England batsman Dom Sibley has revealed he lost almost two stone during lockdown after feeling “self-conscious” about his weight during the recent tour of Sri Lanka.
Sibley made a strong impression during his first winter as an international cricketer, averaging just over 40 from his first six appearances and making a hugely impressive maiden century during the New Year Test in Cape Town.
But his bulky frame also caused several of his team-mates adopt the nickname “Fridge” and the 24-year-old admitted that the sweltering heat and humidity of the trip to Colombo had forced him to question his conditioning.
With the likes of Ben Stokes and Jos Buttler setting the standards with some tireless training schedules, Sibley set himself the challenge of shaping up while sport was on hiatus.
“In Sri Lanka, for the first time in my career, I felt a little bit self-conscious about my physique and my weight,” said the opener, who will line up at the Ageas Bowl on Wednesday as England and the West Indies begin the #raisethebat Test series.
“In that heat I saw a few of the lads running after a big session and that was an eye-opener for me. It was just seeing how fit some of the senior guys are and how impressive they are in training.
“I remember sitting on the plane thinking I need to do something, especially during lockdown when we couldn’t improve anything cricket-related.
Thanks for the nominations @Ian_Bell @CurranSM … I’ve done the #RSF26challenge and donated to the brilliant @RuthStraussFdn I nominate @jackleach1991 @SammieHain @DanielLawrenc28 Let’s see what you’ve got boys, help save the uk’s charities pic.twitter.com/o3qXtLww7w
— Dom Sibley (@DomSibley) April 27, 2020
“It was an opportunity for me to improve that side of my game and I’m glad to have been able to stick to it. Because of social distancing we haven’t been able to do stuff like skin folds but on the scales I’ve lost 12kg (1.8 stone).”
All England players were given a personalised plan for exercise and eating during their long spell at home but Sibley took it on himself to go over and above the guidelines he was handed.
“I needed to, to be fair,” he noted.
“I think we all like a little treat after a few runs but it’s great to be a bit more disciplined. It’s been tough, but it’s good to feel the benefits now.”
In Sri Lanka, for the first time in my career, I felt a little bit self-conscious about my physique and my weight. I remember sitting on the plane thinking I need to do something.
Sibley admitted the change in approach was one he might have taken earlier, suggesting he had occasionally prioritised technical work at the expense of other important work.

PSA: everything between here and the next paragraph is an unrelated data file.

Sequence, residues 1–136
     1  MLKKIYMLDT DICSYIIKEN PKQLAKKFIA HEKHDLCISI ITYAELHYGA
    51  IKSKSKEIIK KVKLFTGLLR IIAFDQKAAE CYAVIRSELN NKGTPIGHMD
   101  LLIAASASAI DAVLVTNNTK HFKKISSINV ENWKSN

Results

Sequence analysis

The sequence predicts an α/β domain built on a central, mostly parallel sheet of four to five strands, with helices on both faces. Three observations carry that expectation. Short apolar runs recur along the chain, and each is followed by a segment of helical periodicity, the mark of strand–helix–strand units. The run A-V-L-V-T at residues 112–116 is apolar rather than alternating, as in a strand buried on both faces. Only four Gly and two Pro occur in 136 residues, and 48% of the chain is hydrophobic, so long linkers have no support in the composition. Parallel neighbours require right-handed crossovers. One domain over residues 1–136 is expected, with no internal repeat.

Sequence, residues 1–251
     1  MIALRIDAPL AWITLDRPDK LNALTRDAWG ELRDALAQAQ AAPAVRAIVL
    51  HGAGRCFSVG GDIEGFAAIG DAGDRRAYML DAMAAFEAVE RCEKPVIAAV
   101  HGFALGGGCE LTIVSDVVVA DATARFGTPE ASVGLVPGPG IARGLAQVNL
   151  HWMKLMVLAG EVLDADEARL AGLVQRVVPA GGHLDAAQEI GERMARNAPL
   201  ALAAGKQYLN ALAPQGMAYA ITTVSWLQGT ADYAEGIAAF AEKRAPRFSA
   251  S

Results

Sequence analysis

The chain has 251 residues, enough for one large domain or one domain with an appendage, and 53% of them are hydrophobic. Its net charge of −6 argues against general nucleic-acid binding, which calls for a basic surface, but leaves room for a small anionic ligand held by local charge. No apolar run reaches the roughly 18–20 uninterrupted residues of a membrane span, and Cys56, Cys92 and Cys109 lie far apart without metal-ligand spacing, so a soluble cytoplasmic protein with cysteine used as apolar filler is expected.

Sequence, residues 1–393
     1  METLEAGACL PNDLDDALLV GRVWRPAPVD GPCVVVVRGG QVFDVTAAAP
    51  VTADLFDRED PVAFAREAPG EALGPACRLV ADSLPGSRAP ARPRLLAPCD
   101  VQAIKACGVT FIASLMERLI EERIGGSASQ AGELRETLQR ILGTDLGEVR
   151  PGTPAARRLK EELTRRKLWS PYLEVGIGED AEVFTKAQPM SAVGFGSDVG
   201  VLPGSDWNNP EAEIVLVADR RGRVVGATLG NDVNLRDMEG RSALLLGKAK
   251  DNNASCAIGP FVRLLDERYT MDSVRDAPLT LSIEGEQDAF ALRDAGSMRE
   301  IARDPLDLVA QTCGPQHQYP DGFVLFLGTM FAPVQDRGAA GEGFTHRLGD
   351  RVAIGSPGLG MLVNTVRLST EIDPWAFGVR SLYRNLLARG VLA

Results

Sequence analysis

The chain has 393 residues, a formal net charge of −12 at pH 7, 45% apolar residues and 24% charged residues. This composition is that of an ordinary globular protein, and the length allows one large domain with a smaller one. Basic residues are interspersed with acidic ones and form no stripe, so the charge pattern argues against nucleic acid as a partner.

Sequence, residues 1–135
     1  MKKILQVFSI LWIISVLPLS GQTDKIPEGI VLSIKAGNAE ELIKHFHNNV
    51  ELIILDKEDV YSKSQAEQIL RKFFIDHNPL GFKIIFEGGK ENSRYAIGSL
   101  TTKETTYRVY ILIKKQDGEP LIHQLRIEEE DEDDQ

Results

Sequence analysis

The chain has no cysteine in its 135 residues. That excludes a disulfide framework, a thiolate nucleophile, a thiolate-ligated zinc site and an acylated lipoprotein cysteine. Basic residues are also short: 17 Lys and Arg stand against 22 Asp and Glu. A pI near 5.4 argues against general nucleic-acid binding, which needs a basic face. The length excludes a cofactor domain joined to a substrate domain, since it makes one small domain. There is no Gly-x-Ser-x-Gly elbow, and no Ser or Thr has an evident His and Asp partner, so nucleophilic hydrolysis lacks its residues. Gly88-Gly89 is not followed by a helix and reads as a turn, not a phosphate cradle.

“I’ve always been someone who hasn’t necessarily been the fittest in the squad and I’ve always, whether at Surrey or Warkwickshire, been coasting in that aspect,” he said.
“I’ve had taps on the shoulder before and haven’t really done anything about it. I think it was overdue having that wake up call and a good lesson for me, regardless of whether it leads to runs.”
Some cricketers and golfers have been known to feel different about their game after considerable weight loss, but Sibley has yet notice any major changes with bat in hand.
“People have said I look different, which is nice, but in terms of batting I don’t feel any different,” he said.
England v West Indies #raisethebat Series
- 1st Test (July 8-12, Ageas Bowl)
- 2nd Test (July 16-20, Emirates Old Trafford)
- 3rd Test (July 24-28, Emirates Old Trafford)
“It’s a case of doing what I’ve always tried to do – just try to bat long periods and hopefully being a bit fitter will help me do that.”
Sibley is one of 13 England players preparing for the long-awaited return of international cricket, with another nine on site in the Southampton ‘bubble’ as reserves.
Discussions had taken place over the possibility of some artificial crowd noise after players noted the eerie silence in last week’s intra-squad warm-up, but there will only be a limited move in that direction.
While television viewers will be able to hear an ambient ‘Lord’s hum’, the two sides will only hear the input of a public address system and some music played as the players take the field.
“It’s going to be a bit different, not having people there but they’ll be tuning in, like we’ve all been doing with the football,” he said.
“The Barmy Army has helped with that in the games I’ve played for England but we’re very motivated after a long break to put in a big performance. It’s exciting to get something back on that people love, and hopefully we can provide some entertainment and win some games.”